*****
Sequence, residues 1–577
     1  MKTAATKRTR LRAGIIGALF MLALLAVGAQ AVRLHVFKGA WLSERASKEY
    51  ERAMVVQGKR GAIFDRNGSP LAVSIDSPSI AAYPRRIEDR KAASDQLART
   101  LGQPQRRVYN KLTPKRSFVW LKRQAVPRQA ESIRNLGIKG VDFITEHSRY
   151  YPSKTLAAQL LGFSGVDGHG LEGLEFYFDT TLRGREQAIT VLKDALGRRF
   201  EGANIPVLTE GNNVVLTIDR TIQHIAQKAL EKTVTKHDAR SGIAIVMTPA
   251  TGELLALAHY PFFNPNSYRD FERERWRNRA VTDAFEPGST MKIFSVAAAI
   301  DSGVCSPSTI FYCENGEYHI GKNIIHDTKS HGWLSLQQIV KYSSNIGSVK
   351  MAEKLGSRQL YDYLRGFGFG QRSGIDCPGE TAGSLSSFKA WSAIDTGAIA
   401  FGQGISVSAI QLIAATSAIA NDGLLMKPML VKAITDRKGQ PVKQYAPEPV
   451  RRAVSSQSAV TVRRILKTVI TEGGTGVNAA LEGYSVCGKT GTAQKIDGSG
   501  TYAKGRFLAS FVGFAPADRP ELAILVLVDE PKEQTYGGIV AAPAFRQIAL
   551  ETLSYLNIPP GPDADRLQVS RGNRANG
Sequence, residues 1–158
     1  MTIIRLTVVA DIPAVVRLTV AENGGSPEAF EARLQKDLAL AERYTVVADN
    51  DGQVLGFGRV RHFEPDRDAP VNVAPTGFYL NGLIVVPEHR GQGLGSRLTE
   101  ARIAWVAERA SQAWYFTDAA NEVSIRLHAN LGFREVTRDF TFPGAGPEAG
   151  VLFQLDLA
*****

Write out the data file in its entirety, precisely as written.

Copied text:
Sequence, residues 1–577
     1  MKTAATKRTR LRAGIIGALF MLALLAVGAQ AVRLHVFKGA WLSERASKEY
    51  ERAMVVQGKR GAIFDRNGSP LAVSIDSPSI AAYPRRIEDR KAASDQLART
   101  LGQPQRRVYN KLTPKRSFVW LKRQAVPRQA ESIRNLGIKG VDFITEHSRY
   151  YPSKTLAAQL LGFSGVDGHG LEGLEFYFDT TLRGREQAIT VLKDALGRRF
   201  EGANIPVLTE GNNVVLTIDR TIQHIAQKAL EKTVTKHDAR SGIAIVMTPA
   251  TGELLALAHY PFFNPNSYRD FERERWRNRA VTDAFEPGST MKIFSVAAAI
   301  DSGVCSPSTI FYCENGEYHI GKNIIHDTKS HGWLSLQQIV KYSSNIGSVK
   351  MAEKLGSRQL YDYLRGFGFG QRSGIDCPGE TAGSLSSFKA WSAIDTGAIA
   401  FGQGISVSAI QLIAATSAIA NDGLLMKPML VKAITDRKGQ PVKQYAPEPV
   451  RRAVSSQSAV TVRRILKTVI TEGGTGVNAA LEGYSVCGKT GTAQKIDGSG
   501  TYAKGRFLAS FVGFAPADRP ELAILVLVDE PKEQTYGGIV AAPAFRQIAL
   551  ETLSYLNIPP GPDADRLQVS RGNRANG
Sequence, residues 1–158
     1  MTIIRLTVVA DIPAVVRLTV AENGGSPEAF EARLQKDLAL AERYTVVADN
    51  DGQVLGFGRV RHFEPDRDAP VNVAPTGFYL NGLIVVPEHR GQGLGSRLTE
   101  ARIAWVAERA SQAWYFTDAA NEVSIRLHAN LGFREVTRDF TFPGAGPEAG
   151  VLFQLDLA